Figure 1: Lateral radiograph (a) and sagittal reconstruction computed tomographic image (b) of the sacrum and coccyx showing complete posterior dislocation of the joint between the 1st and 2nd coccygeal vertebrae.

clinical-case-reports-Postero-lateral

Figure 2: Postero-lateral (a) and antero-lateral (b) 3D reconstruction views, demonstrating the posterior dislocation of the mid-joint of the coccyx.

clinical-case-reports-Sagittal-reconstruction

Figure 3: Sagittal reconstruction computed tomographic image of the sacrum and coccyx, performed at ten months (a) and sixteen months (b) after the injury, showing excellent healing of the dislocation, with anatomical remodeling.

Case 2

A 2 years and 4 months baby girl was admitted to our emergency room after she slipped over the stairs two days prior to her admission and fell on the edge of the step, hitting her tailbone. She was complaining of pain and discomfort while sitting. On examination, there was mild swelling and tenderness at the end of the sacrum. Lateral radiograph of the sacrum and coccyx demonstrated complete anterior dislocation of the first coccygeal vertebra (Figure 4a). Conservative treatment was recommended and she was discharged. Five months after the injury she was free of symptoms. Check radiograph showed good healing of the dislocation and normal alignment of the sacro-coccygeal junction (Figure 4b).

clinical-case-reports-Lateral-radiograph

Figure 4: Lateral radiograph of the sacrum and coccyx obtained two days after the injury (a), showing complete anterior dislocation of the sacro-coccygeal joint (Salter-Harris type I), and five months later (b), demonstrating excellent healing and modeling of the dislocation at the sacro-coccygeal junction.

Discussion

Isolated fracture dislocations of the sacrum in children are rarely reported and appear to be more common than previously realized [1]. However, Sacro-coccygeal fracture-dislocation and dislocations of the mid-coccygeal joints in the pediatric and young adult populations are extremely rare injuries.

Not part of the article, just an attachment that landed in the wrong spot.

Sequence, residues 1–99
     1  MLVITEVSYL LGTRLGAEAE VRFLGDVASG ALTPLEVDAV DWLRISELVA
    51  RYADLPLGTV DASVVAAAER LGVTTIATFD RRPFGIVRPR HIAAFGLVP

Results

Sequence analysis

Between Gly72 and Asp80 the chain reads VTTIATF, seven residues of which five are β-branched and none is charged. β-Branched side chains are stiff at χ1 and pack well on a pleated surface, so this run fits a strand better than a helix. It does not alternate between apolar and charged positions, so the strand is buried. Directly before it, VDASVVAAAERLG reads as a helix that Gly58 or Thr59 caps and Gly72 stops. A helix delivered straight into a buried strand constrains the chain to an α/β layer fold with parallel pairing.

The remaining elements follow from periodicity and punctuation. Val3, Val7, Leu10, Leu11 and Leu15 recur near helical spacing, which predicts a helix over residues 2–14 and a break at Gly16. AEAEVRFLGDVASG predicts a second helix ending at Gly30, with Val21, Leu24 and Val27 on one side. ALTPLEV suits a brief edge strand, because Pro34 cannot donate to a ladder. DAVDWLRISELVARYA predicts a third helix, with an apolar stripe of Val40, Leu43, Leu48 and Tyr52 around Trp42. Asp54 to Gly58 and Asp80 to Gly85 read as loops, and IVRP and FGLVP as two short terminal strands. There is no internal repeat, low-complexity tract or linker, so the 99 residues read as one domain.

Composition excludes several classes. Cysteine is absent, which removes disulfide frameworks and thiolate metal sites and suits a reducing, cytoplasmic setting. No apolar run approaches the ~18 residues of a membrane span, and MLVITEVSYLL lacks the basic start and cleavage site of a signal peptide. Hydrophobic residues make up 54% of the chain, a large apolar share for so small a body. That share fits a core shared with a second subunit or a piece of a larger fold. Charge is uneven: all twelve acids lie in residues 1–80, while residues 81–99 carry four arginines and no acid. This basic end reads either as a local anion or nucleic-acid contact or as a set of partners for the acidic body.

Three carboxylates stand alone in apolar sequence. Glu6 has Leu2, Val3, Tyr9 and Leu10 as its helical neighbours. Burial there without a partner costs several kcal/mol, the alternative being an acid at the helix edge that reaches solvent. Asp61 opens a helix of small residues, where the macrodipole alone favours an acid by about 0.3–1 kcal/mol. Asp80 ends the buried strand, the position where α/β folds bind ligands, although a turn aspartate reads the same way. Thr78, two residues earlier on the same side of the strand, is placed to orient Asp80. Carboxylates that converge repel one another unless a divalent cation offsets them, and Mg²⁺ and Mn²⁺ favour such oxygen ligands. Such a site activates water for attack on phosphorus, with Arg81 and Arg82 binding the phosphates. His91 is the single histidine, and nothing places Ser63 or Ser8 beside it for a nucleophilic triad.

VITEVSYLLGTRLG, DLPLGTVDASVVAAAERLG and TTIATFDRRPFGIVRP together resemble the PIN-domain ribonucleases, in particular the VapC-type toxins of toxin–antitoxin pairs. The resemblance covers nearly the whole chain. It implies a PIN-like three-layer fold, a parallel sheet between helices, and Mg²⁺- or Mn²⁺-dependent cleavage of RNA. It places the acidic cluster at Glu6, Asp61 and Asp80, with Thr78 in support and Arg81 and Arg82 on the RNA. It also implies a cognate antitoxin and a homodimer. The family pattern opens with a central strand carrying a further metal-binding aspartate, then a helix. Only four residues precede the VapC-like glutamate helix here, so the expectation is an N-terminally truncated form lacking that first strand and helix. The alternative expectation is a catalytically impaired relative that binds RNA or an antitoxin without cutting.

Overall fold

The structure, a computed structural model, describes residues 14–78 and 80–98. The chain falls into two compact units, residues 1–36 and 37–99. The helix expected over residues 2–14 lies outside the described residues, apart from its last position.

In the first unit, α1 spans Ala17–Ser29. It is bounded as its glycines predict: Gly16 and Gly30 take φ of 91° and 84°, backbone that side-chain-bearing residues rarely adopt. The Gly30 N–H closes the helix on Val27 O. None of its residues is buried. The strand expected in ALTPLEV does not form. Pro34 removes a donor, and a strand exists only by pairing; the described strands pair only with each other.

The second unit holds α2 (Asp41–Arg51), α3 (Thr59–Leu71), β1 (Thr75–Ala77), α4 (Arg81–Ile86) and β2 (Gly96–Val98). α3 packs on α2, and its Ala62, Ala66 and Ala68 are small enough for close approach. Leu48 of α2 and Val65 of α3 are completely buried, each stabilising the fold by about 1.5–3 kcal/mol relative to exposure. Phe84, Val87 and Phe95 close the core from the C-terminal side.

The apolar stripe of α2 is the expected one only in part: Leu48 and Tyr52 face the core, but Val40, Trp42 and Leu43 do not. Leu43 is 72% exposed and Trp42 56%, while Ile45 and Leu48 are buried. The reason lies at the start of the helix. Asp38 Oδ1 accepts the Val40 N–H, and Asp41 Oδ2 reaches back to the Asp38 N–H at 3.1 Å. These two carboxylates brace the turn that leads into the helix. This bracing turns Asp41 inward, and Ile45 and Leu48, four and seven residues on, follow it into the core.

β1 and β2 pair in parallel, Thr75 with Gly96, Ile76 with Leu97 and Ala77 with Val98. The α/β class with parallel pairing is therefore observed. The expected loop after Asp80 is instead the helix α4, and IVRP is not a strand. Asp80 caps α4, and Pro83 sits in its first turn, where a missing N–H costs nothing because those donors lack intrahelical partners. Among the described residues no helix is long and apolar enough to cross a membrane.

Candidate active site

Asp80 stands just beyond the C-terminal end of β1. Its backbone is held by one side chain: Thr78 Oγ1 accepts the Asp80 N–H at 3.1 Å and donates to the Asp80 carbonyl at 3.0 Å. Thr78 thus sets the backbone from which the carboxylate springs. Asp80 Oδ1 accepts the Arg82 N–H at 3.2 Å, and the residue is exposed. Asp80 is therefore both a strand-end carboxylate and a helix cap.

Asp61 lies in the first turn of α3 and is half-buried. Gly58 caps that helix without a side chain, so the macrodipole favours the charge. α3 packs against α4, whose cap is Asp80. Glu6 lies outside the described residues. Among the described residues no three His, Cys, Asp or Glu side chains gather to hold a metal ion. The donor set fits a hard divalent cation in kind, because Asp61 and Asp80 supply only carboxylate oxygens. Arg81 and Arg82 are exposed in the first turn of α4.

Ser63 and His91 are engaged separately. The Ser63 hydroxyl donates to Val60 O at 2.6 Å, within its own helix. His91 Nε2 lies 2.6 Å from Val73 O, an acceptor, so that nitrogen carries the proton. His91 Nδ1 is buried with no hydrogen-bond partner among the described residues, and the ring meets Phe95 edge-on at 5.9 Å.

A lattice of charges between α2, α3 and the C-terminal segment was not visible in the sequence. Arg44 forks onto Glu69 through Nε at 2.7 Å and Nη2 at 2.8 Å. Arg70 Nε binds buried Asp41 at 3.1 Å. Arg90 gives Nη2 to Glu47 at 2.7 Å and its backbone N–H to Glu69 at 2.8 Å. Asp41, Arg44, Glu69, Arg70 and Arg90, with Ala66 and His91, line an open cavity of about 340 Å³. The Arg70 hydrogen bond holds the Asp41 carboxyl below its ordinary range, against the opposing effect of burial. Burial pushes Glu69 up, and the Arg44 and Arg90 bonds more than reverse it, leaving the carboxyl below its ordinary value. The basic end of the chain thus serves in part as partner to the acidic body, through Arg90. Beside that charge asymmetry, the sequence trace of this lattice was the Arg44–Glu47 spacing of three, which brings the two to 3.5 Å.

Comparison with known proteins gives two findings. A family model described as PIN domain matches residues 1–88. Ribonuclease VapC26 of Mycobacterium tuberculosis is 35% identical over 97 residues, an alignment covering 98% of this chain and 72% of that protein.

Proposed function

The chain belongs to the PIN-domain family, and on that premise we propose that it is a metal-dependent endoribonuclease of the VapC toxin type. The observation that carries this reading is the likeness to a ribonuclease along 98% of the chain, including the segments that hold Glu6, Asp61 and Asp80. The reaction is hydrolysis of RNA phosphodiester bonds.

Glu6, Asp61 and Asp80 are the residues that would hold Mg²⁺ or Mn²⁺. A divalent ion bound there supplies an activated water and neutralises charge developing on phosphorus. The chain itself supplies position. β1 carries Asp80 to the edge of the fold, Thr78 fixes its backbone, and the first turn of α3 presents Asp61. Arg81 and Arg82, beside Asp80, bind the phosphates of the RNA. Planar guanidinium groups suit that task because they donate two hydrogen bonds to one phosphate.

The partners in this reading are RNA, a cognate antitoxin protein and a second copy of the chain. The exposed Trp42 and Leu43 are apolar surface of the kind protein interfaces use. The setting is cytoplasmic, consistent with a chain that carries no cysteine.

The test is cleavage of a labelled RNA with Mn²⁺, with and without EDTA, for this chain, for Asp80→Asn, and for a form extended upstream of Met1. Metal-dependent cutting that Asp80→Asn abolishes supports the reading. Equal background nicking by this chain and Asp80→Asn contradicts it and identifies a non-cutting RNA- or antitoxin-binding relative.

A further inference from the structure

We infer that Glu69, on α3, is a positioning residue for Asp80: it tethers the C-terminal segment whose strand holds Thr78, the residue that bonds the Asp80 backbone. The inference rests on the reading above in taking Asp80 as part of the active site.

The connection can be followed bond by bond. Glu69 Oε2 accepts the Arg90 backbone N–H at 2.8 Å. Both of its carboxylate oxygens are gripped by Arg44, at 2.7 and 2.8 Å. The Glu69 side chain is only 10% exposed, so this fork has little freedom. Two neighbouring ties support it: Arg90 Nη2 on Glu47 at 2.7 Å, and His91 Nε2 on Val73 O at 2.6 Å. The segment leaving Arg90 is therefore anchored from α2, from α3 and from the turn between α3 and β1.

In this study, we report two interesting and rare cases. The first case is of a young adult, who sustained a dislocation at the level of the 1st and 2nd coccygeal vertebrae, which was treated conservatively, with excellent remodelling. To the best of our knowledge, this is the first case to be reported with such an injury.

The second case is of a young baby with a complete anterior Salter- Harris type I fracture dislocation of the coccygeal bone. Excellent healing and modelling was already obvious at 5 months after the injury. Probably it is the first case to be reported with such an injury in this age.

In a previous report [2,3], we have described a similar injury of a complete anterior fracture dislocation of the coccygeal bone in a 12-year-old boy. Attempted closed reduction under general anesthesia failed, therefore conservative treatment was continued, with excellent clinical and radiological outcome. We assume that the periosteum was detached at the site of the dislocation, allowing new bone to be laid, consolidate and remodel eventually to result in normal sacro-coccygeal structure. Periosteal separation has been well reported in different types of injuries in the pediatric population [4-7].

These excellent clinical and radiological results in our series imply that there is no need for reduction trials for these injuries in the growing child, as well as in young adults, as the potential of modelling is great. Closed reduction proved to be unsuccessful in our previous case, the same as have been reported in the literature [1,2,8]. Also, this technique was unsuccessful in adults with similar injuries. A “Joystick reduction technique” and percutaneous pinning for an acutely anteriorly dislocated coccyx in a thin 31-year-old woman was described by., [8,9], while Bergkamp reported an anterior dislocation of the coccyx in a 26- year old woman, who was treated by open reduction and fixation using vicryl sutures [10]. In both cases, surgery was performed after failure of per rectally closed reduction.

Our review of the English literature revealed only two similar cases of sacro-coccygeal fracture-dislocation in children [1,2]. Additionally, Rijal et al. reported an acute anterior sacro-coccygeal dislocation in a 29-year-old man [8]. In all these cases, attempted reduction has failed and no long-term follow up was reported. On the other hand, we could not find any case of dislocation at the mid-joints of the coccyx in children or adults.

Conclusion

Fracture dislocations of the sacro-coccygeal joint in the growing child and dislocations of the mid-joints of the coccyx in young adults could be treated conservatively, as the potential of healing and anatomical modelling is great. Closed reduction of these injuries should not probably be attempted, though very tempting, as it will most probably fail.